What draws a person into becoming a volunteer? (An actual volunteer and not a person who is expected to do professional work without getting paid in kind or acknowledgement.) A volunteer for a cause. Deciding to invest time and energy into something that is important. Like for example, entertaining sick children, playing board games with old people, or taking care of animals found injured and abandoned. It takes strength to do something beyond your own interest. And it is a sad fact that fewer people today choose to do so.
Every day there are tens of animals left in the streets to fight for their survival. People who loved the idea of having a puppy but when it grew up, they decided it’s too much trouble, entails too many expenses, and the kids who were supposed to “play” with it have now found a new gadget that consumes their time. So the apparent solution for some, is to just drop it off and drive away. “It will find a way to fend for itself”.
Hunters adopt Pointers simply for the sake of that season when they wish to engage in the “thrill” of crawling within the bushes and ambushing small, defenseless creatures, because “it is fun” and “it is a hobby”. One in fact that has royal roots – but that is another story. But throughout the rest of the year, these dogs are often left in appalling conditions, locked up in cages outside, with scarce food because according to some that will create a greater appetite that will make them better hunters, and the worse part, if they get sick they are left to perish.
As for cats, these tend to reproduce generously, something which frequently causes the discontent of the neighbourhood, as little felines run around house to house constantly searching for food. And in their attempt to stay out of the human hand that seeks to domesticate or punish them, cats habitually end up under some (race)driver’s wheels in the middle of the road.
If only there was some sort of way that these animals could be protected, while at the same time appeasing the neighbourhoods’ request for quiet and stray-free areas.
Animal shelters try to offer some help. But there is little to do if you are fighting on your own. A young couple in Athens set up on their own an animal shelter located in a large field in the suburbs of Attica. They currently offer care to over 100 dogs and on a daily basis issue calls for adoption of cats and dogs alike. Facing huge financial difficulties in supporting this shelter – often at the expense of their own comfort –, they demonstrate their love to these animals (all of whom they name) by refusing to give up on them when everyone else does. The lady described the tender story of how one Pointer was abandoned at their shelter as the previous owner was about to put her down because she had developed a sort of bulking tumour on her chest. Yet after months of tender, love and care, the swelling retreated and the dog was now a joyful, energetic, barking normal dog. One that had almost been killed for no reason.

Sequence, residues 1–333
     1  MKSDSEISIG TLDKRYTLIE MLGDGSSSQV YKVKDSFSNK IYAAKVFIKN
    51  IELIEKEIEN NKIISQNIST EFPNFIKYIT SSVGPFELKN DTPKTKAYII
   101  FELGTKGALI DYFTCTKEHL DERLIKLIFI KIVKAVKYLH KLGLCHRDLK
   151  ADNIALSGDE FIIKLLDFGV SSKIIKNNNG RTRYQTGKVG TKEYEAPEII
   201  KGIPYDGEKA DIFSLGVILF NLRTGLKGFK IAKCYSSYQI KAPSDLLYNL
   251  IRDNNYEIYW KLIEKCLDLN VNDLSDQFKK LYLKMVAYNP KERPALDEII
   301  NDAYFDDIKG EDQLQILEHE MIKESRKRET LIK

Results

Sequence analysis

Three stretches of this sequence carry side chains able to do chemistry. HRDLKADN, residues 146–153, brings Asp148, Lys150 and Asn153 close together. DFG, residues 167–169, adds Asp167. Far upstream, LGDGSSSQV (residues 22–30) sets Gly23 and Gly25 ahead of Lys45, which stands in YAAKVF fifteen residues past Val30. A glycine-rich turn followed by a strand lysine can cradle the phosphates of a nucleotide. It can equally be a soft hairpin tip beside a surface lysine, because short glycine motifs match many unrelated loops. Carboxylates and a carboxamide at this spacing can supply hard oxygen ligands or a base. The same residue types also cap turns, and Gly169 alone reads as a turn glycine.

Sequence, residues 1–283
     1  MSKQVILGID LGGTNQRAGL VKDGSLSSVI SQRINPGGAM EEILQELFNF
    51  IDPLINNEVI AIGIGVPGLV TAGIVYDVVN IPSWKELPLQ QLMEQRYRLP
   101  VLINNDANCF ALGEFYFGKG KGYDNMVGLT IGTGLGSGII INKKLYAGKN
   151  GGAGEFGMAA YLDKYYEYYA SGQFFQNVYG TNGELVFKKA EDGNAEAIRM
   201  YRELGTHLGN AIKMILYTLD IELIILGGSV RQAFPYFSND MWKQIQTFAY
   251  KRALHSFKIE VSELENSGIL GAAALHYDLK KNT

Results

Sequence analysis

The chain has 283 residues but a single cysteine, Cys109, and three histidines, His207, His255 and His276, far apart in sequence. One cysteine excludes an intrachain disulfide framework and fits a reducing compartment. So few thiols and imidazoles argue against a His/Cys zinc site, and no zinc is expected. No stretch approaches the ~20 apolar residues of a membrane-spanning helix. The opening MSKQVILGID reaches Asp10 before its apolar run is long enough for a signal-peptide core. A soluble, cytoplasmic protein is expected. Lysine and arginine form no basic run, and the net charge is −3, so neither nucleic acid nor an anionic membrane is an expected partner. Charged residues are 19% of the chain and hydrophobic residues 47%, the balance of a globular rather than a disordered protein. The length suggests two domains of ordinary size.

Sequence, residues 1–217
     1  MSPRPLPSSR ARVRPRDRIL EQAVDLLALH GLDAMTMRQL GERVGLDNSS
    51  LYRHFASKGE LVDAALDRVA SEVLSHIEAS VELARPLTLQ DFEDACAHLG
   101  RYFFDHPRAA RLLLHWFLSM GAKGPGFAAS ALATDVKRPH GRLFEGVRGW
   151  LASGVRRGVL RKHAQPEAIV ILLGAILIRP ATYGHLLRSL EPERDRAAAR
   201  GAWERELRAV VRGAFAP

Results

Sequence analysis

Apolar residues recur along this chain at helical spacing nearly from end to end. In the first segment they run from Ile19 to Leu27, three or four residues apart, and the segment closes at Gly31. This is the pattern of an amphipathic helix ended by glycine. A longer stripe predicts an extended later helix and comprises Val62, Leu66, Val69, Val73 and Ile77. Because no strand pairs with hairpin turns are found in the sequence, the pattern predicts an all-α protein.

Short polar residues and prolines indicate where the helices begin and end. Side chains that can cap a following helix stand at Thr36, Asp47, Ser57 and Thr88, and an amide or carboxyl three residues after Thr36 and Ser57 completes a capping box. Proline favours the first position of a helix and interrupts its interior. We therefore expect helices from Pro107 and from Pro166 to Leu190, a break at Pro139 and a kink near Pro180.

“There are so many people out there who maltreat animals”, she tells me. “And what do these sweet creatures want? Just some love and affection”.
Just recently, in Cyprus, a small stray dog was thrown into a cardboard crusher by two hotel employees “because it was irritating the customers”. The dog did not survive. But just a few weeks later, the story has already been forgotten.
It is strange how we can so easily let go when it does not concern humans. Yet these animals often offer to us much more than some humans ever can. Unconditional love, loyalty, understanding, to name but a few. All you have to do is look into the eyes of a stray to see reflected in them the magnitude of its soul – that despite having suffered so much because of humans, it still has not given up on them. Maybe it is time to return the trust and do something for them in return. Something that goes beyond our own selfish interests for someone who is silently pleading for our help.